The Brotherhood leaders were far more poised to command the allegiance of the poor masses and deliver on the promise of a stable Egypt, even a stable Middle East. The success of the experiment in Egypt was truly crucial to potentially recreating it elsewhere, be it in Tunisia, Yemen or Syria. No wonder the Egyptian military received harsh threats from the US and the Taliban alike when it decided to abort this plan, both had vested interests in this project. The US hoped the Brotherhood’s rise to power would draw the ‘far right’ closer to the centre, while the dream of an Islamic state in Egypt proved seductive to radical movements that yearned for an opportunity to embody their dogma following decades of strife and persecution. Oddly enough, a number of Western and pro-Western governments had repeatedly supported Islamist groups in the face of communists and leftists (now in the face of Iran, for instance) only to create more stubborn enemies who proved even harder to dismantle later on.

More importantly, the good of Egypt and the betterment of the lives of Egyptian people are little cared for in this plan. The suffering that Egyptians have endured over the past two years seems to suggest that citizens are only allowed to choose strictly between either a military-based security-minded regime or religious fascism.  The dream of a modern state, where Egyptians can enjoy equal rights and the full spectrum of liberties without fear of terrorism or persecution, seems to fade amid the shrieks for holy war and the parallel demonisation in the media of a hardly negligible segment of the country’s population. The problem is that after many years of operating underground, the Muslim Brotherhood and their extreme right supporters fail to see themselves as part of society, where they can peacefully coexist. Their morbid fear of the state that had long persecuted them left them isolated even when they were in power. They practiced the same evil they had endured and refused to yield when the chance was there.

Now, when the time for calls of inclusion and compromise has passed, it becomes harder to see the extent to which the Brotherhood’s reaction remains legitimate. Random killings, uncalled-for torture, the burning of churches, police stations and vacant government buildings can hardly be seen as lawful means for a political cause. They have once again assumed the role of the enemy of the state and their vandalism is simply a matter of blind revenge, not political rallying nor self-defense. The bloody attacks by Al-Qaeda jihadists against the Egyptian army in Sinai stand as a testament to the kind of alliance the Brotherhood has with such terrorist groups. The continual transgression of the Brotherhood supporters against the police force or the millions of people who marched for their ouster is unjustified and cannot be treated with impunity. Following the recent violent clashes, the amount of self-restraint that the army can exercise will eventually be limited because the scent of anarchy is in the air. And the cost of dissolving the state to accommodate the anger of a violent crowd, some of whom are actually trained militants, is far too high. But with that said, liberals, secularists, Christians and all other Brotherhood loathers should not cheer the army too zestfully while cracking down on the Brotherhood. The discourse of hatred has to change if there is any hope for the people of this country to live together peacefully once again. Otherwise, one might just end up living another three decades under a military dictatorship with the same old umbrella of emergency law. Outlaws have to be treated as outlaws, no doubt about that, but going as far as labeling all MB sympathisers as terrorists will ultimately backfire. Soon enough, those groups of peaceful sympathisers might start identifying with that label and, in that case, the consequences shall be dire.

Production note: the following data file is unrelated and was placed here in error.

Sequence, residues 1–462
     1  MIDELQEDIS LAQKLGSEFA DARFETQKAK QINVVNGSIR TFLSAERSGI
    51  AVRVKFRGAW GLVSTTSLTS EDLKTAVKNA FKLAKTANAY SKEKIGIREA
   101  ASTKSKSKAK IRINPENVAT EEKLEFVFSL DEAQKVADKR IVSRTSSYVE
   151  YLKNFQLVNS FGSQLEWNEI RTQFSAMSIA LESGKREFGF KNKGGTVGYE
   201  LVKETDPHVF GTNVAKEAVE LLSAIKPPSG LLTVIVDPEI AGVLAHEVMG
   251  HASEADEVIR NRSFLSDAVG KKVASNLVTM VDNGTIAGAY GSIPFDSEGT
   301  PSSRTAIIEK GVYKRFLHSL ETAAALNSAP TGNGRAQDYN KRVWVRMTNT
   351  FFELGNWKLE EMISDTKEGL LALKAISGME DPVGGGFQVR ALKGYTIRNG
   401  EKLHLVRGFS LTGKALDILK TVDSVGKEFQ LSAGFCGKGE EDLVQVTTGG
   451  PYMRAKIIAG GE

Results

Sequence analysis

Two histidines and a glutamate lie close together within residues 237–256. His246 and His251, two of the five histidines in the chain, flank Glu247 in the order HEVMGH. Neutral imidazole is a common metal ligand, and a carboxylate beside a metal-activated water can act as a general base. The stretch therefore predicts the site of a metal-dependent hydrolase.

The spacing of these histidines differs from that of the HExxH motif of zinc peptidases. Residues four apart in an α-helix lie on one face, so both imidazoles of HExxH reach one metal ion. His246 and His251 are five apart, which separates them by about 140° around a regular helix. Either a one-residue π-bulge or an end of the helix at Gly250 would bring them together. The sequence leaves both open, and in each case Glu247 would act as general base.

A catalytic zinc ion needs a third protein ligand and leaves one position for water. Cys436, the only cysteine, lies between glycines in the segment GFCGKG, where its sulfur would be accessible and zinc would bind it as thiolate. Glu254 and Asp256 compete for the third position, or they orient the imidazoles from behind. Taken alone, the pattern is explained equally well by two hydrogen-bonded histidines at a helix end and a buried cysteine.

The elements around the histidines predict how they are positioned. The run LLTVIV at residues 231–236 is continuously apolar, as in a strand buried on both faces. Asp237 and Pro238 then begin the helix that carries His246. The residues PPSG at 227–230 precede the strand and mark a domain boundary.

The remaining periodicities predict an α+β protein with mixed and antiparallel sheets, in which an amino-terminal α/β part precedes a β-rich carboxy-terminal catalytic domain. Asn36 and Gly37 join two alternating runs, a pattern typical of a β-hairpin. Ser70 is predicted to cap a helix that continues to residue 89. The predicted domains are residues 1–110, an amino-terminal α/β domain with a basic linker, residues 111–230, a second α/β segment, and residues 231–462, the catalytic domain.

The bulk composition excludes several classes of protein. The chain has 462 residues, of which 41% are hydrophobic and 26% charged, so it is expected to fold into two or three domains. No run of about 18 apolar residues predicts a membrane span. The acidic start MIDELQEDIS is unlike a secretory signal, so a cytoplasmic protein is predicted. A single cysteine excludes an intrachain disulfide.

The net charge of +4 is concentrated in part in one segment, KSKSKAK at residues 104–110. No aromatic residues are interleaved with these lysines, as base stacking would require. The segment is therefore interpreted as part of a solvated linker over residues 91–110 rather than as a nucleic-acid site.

Whether political Islam will continue to be doomed to fail in the region is not up for anyone to judge. So far, there hasn’t been sufficient evidence that proponents of this type of government can establish a modern state with proper civil rights for all. The game of social engineering played by the Obama team (or others) doesn’t seem to be working either. The Egyptian people have proven that they are not willing to accept other forms of oppression in the name of religion or stability, especially if it is perceived to serve a foreign agenda. It may serve everyone good to know that we too, Egyptians, want to be part of the free world. Achieving that means we have to learn the basic principles of respecting the law. Until that’s made feasible, it may prove painful for many to just sit there and watch more aggressors raping the Nile.

Ahmed M. El Ashram is an Economist in Washington DC and a graduate of Warwick Business School in the UK.

Amgad Hegazy is also an Economist in Washington DC and a graduate of the University of York in the UK.

 

  • jami hubbard

    I agree with the author on almost every point, but feel the word ‘thug’ gives too much credibility to some people.

  • abdul .a. shaiky

    WHO THESE THUGS ARE.?? FRIENDS OR ENEMY OF EGYPT AND DEMOCRACY.!!
    WAKE UP
    SEE IRAQ… SHEAS AND SUNIIES,AFGHAN TALIBAN AND KARZAI. EGYPT CHRISTIANS AND MUSLIMS.
    Oil-rich Saudi Arabia has said it and other Arab states would step in to fill any funding gap if Washington withdrew aid.
    Meanwhile, unrest in Egypt continued to have a wider diplomatic impact as Turkey accused Israel of having a hand in Morsi’s removal.
    Turkish Prime Minister Recep Tayyip Erdogan said he had “evidence” Israel was behind Morsi’s ouster.

  • columbare1

    If the Egyptian people ever get a chance to vote again they would do well to separate political parties from religious ones. A government can believe in GOD but must rule in a secular manner or divisions are the results.

  • Hussein Jeff Mohamed AbdAlGawa

    Good article – but very, very poor choice of a headline. Begad.